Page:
Our aversion to doing anything truly different is often a source of trouble. We are attached to long-established tax and spending priorities that have created a huge gap between income and outgo. We preserve entitlements built on the thinking of the 1930s and 1960s. We insist on keeping military commitments we made half a century ago, oblivious to new circumstances.
Obama deferred to our conservative inclination when he rolled out the best advocate for his retention: Bill Clinton. The implicit message was that Obama could restore the Eden we inhabited in the 1990s. Clinton, of course, was ferociously controversial in office, but his approval rating is now 69 percent -- higher than it ever was during his presidency.
Romney spent the latter part of the race minimizing his differences with Obama. He said he would repeal Obamacare -- except, you know, all the appealing parts. He faulted the president's Iran policy but couldn't really explain how his would be different. He was moderate with an M, as in mushy.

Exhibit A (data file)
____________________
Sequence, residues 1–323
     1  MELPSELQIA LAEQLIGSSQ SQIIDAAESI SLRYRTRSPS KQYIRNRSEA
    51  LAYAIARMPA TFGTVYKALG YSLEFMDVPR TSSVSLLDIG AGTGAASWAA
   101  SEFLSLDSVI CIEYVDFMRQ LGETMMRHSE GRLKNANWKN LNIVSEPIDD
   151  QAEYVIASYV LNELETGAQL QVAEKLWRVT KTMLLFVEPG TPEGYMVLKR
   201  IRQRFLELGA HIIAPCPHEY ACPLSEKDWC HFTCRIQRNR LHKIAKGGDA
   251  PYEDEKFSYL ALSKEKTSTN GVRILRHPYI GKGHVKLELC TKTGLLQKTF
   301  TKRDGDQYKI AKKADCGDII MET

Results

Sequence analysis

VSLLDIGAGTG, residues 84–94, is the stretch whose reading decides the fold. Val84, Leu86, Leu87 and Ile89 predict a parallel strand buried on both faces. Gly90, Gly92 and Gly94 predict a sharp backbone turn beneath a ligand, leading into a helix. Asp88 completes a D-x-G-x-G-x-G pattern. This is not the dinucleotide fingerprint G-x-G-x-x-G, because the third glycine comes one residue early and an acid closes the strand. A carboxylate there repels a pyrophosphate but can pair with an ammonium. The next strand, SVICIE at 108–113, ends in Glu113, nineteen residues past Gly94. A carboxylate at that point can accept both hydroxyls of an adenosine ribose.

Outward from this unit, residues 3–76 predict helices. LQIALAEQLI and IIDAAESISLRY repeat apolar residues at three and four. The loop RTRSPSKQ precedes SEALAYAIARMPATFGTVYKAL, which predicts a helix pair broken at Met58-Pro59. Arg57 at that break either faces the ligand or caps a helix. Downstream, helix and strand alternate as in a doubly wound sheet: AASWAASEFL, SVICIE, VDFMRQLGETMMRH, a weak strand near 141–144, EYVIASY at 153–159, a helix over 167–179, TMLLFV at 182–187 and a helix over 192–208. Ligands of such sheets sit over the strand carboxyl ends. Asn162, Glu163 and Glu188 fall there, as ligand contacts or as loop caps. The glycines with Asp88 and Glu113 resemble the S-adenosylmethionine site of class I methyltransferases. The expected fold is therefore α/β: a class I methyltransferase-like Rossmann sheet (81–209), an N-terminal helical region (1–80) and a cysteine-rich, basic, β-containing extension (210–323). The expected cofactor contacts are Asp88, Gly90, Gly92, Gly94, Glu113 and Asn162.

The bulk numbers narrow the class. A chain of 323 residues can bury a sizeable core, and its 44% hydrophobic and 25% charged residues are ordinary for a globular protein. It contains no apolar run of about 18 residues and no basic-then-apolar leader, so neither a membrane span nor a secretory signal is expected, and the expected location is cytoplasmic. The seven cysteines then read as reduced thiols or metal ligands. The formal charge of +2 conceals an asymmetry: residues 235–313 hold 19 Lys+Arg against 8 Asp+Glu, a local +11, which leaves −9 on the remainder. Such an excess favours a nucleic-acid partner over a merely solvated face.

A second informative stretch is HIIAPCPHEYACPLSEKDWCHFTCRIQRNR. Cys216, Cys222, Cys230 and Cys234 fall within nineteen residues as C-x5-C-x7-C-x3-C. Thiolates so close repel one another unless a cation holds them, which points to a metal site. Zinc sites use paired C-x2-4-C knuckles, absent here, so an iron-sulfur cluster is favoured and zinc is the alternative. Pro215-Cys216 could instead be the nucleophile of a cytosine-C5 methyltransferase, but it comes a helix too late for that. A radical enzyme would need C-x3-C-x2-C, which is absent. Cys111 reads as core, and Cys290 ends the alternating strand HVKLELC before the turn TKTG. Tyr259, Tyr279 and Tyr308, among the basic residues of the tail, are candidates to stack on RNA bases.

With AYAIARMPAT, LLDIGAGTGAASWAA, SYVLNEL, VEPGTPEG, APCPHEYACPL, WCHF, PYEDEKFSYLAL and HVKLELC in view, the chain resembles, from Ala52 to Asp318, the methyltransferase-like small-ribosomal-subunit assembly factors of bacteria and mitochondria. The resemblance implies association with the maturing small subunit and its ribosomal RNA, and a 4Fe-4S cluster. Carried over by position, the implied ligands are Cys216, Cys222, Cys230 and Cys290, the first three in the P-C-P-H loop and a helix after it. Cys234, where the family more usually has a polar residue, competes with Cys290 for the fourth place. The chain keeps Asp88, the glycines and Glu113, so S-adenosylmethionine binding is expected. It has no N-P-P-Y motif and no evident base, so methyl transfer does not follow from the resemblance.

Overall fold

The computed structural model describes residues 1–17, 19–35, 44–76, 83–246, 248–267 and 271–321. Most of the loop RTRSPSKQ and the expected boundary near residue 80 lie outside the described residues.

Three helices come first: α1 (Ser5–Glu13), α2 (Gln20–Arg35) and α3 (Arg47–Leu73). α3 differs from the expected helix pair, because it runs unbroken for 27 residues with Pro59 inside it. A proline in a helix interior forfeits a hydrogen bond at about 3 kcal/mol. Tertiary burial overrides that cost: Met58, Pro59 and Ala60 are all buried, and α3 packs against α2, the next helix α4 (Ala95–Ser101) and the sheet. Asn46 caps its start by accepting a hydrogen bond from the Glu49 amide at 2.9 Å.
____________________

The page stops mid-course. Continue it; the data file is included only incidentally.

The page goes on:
He did pick a running mate who seemed willing to shake things up. Paul Ryan has a budget plan that would downsize the federal government and overhaul Medicare. But Ryan was not allowed to barnstorm the country on behalf of that plan. He spent his time talking about the need to restore the economy to the way it used to be.
Even the tea party hero was keen on reassuring those worried that he would turn things upside down. When it came to seniors who cherish Medicare as it is, Ryan always stressed, "What we're saying is no changes for anybody 55 and above."
Most Americans didn't vote for Ryan. They did, however, vote in favor of no changes for anyone 55 and above -- or anyone under.
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